Considerations in special populations1
Use in chronic angina patients with diabetes
- No dose adjustment is required in patients with diabetes
- A population pharmacokinetic evaluation of data from angina patients and healthy subjects showed no effect of diabetes on Ranexa® pharmacokinetics
- Ranexa produced small reductions in HbA1c in patients with comorbid diabetes. The clinical significance of the HbA1c reductions is unknown
- Ranexa should not be considered a treatment for diabetes
Additional considerations for patients with chronic angina and type 2 diabetes:
- Limit the dose of metformin to 1700 mg/day when used with Ranexa 1000 mg twice daily
- Monitor blood glucose and risks associated with high metformin exposure
Use in chronic angina patients with heart failure
- Heart failure (NYHA Class I to IV) had no significant effect on Ranexa pharmacokinetics
- Ranexa had minimal effects on heart rate and blood pressure in patients with angina and heart failure (NYHA Class I to IV)
- No dose adjustment of Ranexa is required in patients with angina and heart failure
Use in chronic angina patients with renal impairment
- A pharmacokinetic study of Ranexa in subjects with severe renal impairment (CrCL<30 mL/min) was stopped when 2 of 4 subjects developed acute renal failure after receiving Ranexa 500 mg twice daily for 5 days (lead-in phase) followed by 1000 mg twice a day (1 dose in one subject and 11 doses in the other). Increases in creatinine, BUN, and potassium were observed in 3 subjects during the 500-mg lead-in phase. One subject required hemodialysis, while the other 2 subjects improved upon drug discontinuation. Monitor renal function periodically in patients with moderate to severe renal impairment. Discontinue Ranexa if acute renal failure develops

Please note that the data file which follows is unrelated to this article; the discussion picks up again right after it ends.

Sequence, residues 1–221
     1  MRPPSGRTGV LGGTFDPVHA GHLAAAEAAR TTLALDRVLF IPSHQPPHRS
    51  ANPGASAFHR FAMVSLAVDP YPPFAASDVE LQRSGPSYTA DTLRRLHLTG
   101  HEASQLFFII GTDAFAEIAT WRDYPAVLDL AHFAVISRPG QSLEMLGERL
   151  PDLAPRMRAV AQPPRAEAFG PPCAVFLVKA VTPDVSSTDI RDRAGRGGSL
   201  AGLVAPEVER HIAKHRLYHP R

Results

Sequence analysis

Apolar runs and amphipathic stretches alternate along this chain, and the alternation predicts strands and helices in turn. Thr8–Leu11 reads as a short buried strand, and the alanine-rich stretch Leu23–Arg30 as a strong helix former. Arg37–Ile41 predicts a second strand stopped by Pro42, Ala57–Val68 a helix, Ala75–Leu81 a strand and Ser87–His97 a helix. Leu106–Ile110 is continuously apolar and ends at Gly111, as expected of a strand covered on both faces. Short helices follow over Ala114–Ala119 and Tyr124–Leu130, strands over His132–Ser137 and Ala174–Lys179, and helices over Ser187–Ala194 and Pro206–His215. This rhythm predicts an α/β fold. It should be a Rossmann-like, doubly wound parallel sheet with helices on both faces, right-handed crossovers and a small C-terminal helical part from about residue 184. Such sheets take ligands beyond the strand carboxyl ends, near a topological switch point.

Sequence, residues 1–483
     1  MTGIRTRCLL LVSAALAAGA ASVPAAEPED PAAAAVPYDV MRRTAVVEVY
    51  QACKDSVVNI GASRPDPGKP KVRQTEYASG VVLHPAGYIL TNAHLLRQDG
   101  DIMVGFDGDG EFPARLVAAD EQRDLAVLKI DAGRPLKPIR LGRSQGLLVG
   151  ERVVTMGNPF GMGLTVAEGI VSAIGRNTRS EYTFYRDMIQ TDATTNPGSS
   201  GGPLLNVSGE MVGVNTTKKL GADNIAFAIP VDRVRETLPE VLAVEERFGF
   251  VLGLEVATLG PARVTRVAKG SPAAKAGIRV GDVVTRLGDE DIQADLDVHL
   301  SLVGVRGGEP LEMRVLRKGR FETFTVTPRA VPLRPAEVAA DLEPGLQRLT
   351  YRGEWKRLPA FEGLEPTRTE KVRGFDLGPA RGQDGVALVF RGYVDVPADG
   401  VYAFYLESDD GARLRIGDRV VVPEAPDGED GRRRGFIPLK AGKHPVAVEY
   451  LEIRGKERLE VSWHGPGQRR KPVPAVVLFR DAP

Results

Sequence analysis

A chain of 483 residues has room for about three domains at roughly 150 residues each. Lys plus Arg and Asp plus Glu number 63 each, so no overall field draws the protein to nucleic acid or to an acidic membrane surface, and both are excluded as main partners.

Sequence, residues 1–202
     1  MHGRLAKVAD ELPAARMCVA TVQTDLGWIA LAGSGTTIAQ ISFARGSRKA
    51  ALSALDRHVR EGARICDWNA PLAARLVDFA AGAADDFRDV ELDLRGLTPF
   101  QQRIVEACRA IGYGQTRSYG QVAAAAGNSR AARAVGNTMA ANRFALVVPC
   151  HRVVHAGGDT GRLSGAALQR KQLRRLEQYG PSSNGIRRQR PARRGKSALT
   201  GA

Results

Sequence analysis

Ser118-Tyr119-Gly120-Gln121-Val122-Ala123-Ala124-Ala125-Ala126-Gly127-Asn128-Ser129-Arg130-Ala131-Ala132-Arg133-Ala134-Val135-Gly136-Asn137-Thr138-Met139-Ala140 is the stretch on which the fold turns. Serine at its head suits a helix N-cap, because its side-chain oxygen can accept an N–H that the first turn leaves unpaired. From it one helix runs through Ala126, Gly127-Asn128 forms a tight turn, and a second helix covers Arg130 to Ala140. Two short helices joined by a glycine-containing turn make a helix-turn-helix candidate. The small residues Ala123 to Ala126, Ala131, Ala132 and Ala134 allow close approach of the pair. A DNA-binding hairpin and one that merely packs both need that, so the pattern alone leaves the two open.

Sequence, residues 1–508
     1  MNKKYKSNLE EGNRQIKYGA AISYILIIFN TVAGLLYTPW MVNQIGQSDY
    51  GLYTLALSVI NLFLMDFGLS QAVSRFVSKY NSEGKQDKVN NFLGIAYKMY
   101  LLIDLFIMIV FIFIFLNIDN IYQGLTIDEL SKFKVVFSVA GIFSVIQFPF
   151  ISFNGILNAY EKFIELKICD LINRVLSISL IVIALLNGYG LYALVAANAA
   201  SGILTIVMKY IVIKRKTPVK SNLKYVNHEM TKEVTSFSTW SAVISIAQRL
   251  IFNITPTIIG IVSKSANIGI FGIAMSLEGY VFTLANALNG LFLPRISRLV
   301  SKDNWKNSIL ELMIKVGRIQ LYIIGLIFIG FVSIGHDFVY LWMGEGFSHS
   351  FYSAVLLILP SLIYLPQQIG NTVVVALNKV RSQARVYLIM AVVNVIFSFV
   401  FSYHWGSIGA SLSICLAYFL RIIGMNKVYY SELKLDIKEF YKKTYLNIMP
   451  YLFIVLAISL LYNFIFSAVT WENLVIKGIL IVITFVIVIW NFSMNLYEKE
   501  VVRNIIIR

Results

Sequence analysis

- In a separate study, Cmax was increased by between 40% and 50% in patients with mild, moderate, or severe renal impairment compared to patients with no renal impairment, suggesting a similar increase in exposure in patients with renal failure independent of the degree of impairment. The pharmacokinetics of ranolazine have not been assessed in patients on dialysis
Use in chronic angina patients with hepatic impairment
- Ranexa is contraindicated in patients with liver cirrhosis
- In a study of cirrhotic patients, the Cmax of ranolazine was increased by 30% in cirrhotic patients with mild (Child-Pugh Class A) hepatic impairment, but increased by 80% in cirrhotic patients with moderate (Child-Pugh Class B) hepatic impairment compared to patients without hepatic impairment
- This increase was not enough to account for the 3-fold increase in QT prolongation seen in cirrhotic patients with mild-to-moderate hepatic impairment
Use in geriatric patients with chronic angina
- Of the chronic angina patients treated with Ranexa in controlled studies, 496 (48%) were ≥ 65 years of age, and 114 (11%) were ≥ 75 years of age
- No overall differences in efficacy were observed between older and younger patients
- There were no differences in safety for patients ≥ 65 years of age compared with younger patients, but patients ≥ 75 years of age on Ranexa, compared with placebo, had a higher incidence of adverse events, serious adverse events, and drug discontinuations due to adverse events
- In general, dose selection for an elderly patient should usually start at the low end of the dosing range
Understand available dosing and recommendations regarding titration, as well as important treatment considerations.
See Dosing Information
Ranexa Clinical Trials
Review the CARISA and TERISA clinical trials to learn how Ranexa may help reduce the symptoms of chronic angina.
View Clinical Data
Ranexa Connect™ is a financial assistance resource for patients with a Ranexa prescription.
Ranexa Connect is pleased to announce iAssist, a program to help get your patients started on Ranexa faster. The program offers online patient enrollment, electronic signatures, as well as real-time pharmacy benefit check and eligibility for financial assistance.
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1. Ranexa [package insert]. Foster City, CA: Gilead Sciences, Inc.; January 2016.